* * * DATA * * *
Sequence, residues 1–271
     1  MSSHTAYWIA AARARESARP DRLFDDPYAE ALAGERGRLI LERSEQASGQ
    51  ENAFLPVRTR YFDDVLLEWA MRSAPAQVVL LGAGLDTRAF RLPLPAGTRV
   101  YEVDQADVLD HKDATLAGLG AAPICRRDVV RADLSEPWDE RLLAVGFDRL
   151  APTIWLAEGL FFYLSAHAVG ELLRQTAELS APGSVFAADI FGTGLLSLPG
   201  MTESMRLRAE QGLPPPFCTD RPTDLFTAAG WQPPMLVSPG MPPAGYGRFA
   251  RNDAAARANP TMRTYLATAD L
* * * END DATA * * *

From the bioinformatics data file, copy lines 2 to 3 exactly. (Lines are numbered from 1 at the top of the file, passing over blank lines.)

     1  MSSHTAYWIA AARARESARP DRLFDDPYAE ALAGERGRLI LERSEQASGQ
    51  ENAFLPVRTR YFDDVLLEWA MRSAPAQVVL LGAGLDTRAF RLPLPAGTRV